Robots are coming to farm fields near you
January 21, 2015
• UC Davis developing faster, more accurate robotic cultivator
• “A robotic weeder with a higher speed and good accuracy along the row would be a winning machine”
Robots have pretty much kept to themselves, welding cars, shuffling goods in warehouses. But, thanks to scientists at the University of California, Davis, they may soon be clipping right along in farm fields in the Central Valley and elsehwere.
The researchers have a system under development at UC Davis that will help plants communicate with a robotic cultivator, making controlling weeds more effective, affordable and sustainable for vegetable growers in California and beyond.
Led by David Slaughter of the UC Davis Department of Biological and Agricultural Engineering, the project addresses a problem that has vexed precision weed management for years: How do you devise a robotic cultivator that can quickly distinguish friend from foe?
The work recently received a $2.7 million grant from the U.S. Department of Agriculture Specialty Crop Research Initiative.
"Machines can recognize a weed, and they can recognize a crop plant, but they have trouble distinguishing one pattern from another when they are co-mingled, as is often the case with weeds and young crops in the field, particularly when traveling at a typical tractor speed of three-feet-per-second or more," says Mr. Slaughter.
The UC Davis robotic cultivator is being designed to remove weeds in commercial fields as carefully as gardeners pull weeds in their own backyard, without the time-consuming labor and cost. The "smart" cultivator has small knives that reach out to uproot weeds and retract to keep crops intact.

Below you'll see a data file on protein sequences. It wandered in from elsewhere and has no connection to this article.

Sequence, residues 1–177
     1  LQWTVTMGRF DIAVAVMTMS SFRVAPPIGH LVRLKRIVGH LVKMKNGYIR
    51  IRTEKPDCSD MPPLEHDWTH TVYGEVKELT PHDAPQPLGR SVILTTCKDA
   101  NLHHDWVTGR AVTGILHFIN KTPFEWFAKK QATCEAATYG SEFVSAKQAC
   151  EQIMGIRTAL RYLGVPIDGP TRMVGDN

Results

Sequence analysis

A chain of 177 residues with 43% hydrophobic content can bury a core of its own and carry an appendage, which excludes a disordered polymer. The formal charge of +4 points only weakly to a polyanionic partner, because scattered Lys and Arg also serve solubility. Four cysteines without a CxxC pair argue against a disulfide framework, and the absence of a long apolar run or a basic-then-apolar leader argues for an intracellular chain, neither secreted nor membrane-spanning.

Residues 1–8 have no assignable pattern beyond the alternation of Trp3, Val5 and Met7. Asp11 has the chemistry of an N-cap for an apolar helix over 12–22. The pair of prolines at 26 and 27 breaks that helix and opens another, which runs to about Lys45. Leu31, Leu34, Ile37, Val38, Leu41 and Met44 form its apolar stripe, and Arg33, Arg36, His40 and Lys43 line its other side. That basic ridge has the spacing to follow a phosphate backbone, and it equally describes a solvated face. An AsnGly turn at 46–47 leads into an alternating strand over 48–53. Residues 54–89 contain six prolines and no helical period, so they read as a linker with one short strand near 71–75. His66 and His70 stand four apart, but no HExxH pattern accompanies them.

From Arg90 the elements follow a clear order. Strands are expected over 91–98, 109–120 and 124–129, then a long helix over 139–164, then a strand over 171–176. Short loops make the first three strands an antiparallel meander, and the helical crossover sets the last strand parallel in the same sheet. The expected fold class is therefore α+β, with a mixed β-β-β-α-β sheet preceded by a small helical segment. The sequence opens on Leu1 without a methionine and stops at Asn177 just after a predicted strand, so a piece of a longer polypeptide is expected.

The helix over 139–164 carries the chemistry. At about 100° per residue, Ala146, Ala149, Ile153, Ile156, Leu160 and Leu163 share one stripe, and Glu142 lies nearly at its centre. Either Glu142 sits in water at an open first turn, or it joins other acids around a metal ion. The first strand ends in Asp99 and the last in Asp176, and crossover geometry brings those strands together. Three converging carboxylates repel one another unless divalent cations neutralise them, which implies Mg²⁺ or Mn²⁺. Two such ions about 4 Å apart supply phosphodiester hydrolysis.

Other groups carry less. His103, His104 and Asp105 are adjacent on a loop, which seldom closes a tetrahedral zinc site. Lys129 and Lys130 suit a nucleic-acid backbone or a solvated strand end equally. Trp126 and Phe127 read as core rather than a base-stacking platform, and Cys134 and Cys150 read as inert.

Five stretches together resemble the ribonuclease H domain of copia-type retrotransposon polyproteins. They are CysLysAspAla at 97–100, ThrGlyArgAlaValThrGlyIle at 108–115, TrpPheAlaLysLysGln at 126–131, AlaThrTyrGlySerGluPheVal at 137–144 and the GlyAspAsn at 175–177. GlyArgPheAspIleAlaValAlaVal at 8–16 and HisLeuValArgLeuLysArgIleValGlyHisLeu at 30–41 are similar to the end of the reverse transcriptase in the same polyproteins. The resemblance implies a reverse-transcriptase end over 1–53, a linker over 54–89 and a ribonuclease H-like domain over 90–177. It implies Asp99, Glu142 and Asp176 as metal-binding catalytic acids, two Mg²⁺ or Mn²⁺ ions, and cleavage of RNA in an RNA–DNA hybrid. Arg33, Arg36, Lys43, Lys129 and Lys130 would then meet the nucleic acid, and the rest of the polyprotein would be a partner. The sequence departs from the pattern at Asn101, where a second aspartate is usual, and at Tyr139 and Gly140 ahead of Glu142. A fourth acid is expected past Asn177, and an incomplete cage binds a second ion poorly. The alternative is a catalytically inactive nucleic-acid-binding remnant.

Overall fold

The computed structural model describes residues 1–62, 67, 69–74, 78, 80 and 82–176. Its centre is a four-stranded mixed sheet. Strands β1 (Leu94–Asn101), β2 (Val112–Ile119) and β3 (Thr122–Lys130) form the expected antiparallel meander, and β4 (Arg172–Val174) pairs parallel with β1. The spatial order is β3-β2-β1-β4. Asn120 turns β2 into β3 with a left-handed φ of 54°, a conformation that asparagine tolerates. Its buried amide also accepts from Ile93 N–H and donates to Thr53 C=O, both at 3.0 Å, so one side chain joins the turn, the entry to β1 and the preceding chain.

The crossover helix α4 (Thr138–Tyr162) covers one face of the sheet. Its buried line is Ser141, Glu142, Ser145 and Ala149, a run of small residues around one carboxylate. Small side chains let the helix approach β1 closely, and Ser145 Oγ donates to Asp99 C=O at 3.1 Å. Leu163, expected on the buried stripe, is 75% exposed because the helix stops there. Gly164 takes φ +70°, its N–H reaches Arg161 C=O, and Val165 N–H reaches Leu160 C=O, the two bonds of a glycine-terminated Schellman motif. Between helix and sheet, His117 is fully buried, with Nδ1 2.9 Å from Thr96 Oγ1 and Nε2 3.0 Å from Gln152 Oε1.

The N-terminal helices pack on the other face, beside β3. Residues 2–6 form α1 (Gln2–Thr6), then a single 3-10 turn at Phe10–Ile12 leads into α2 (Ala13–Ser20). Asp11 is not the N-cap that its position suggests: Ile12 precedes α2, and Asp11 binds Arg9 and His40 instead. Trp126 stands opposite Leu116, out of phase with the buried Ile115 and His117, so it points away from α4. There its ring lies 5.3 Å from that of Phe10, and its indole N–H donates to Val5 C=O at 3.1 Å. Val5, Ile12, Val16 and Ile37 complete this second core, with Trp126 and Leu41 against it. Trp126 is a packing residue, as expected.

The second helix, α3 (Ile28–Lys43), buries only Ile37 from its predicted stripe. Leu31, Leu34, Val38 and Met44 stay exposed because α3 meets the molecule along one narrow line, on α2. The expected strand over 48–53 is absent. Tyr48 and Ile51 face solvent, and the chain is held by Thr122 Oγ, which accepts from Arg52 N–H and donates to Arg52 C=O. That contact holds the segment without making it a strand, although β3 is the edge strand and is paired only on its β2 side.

It will weed the beds of any row crop and will be especially useful in wide beds of densely seeded crops like spinach and baby lettuce, which can turn green almost overnight with weeds -- and leafy crops, the university says.
"Current vision-sensing mechanical cultivators can sometimes recognize weeds along the edges of wide beds, or seed lines, as we call them, but they get lost in the middle," says Steve Fennimore, Cooperative Extension weed specialist with the UC Davis Department of Plant Sciences, a member of the new robotic cultivator team. "Workers often have to go back through and hand-weed them."
How will the new cultivator distinguish friend from foe? Thanks to a safe, simple seed coating, the plants will signal the cultivator by emitting a faint, fluorescent glow that will appear when seedlings emerge and are most vulnerable, then vanish as plants grow and can out-compete weeds for sun, water and nutrients.
"It won't involve biotechnology or any genetic engineering," says Mr. Slaughter. "The seeds will be coated with a safe, inert, fluorescent material."
Seeds are commonly coated with various materials (like fertilizers, fungicides or herbicides) for different reasons. Some seeds are coated to protect them from birds, rodents and stress. Some seeds are coated with colorful, inert material to make them easier to plant and easier to pick up if they spill. Some seeds are coated as a way for companies to protect their brand identity -- a process they call "track and trace."
To develop the seed coating, Mr. Slaughter's team is working with researchers from the Seed Biotechnology Center at UC Davis and Aginnovation, a company that specializes in seed technology, located in Walnut Grove in Sacramento County. Aginnovation is a founding member of the Centor Group, a group of independent companies from around the world that work together to deliver leading-edge technology and services to the agricultural seed industry.
This new smart-cultivator technology could be the breakthrough needed to help crop plants communicate with existing machines like automated lettuce thinners, machines that drive through heavily seeded fields and remove all but the most viable plants, the university says.
The new cultivator should move more quickly through a field than current vision-sensor models because it won't take as long for the machine to distinguish the good guys from the bad guys.
That's good news for vegetable growers like Alain Pincot, managing partner of Bonipak Farms in Santa Maria.
"As the cost of labor rises in California, mechanical cultivators become more important to both organic and conventional ag production," Mr. Pincot says. "We've been fairly happy with our existing automatic weeders, but we would be interested in a new type of cultivator if it moved more quickly and could accommodate beds of various widths. A robotic weeder with a higher speed and good accuracy along the row would be a winning machine."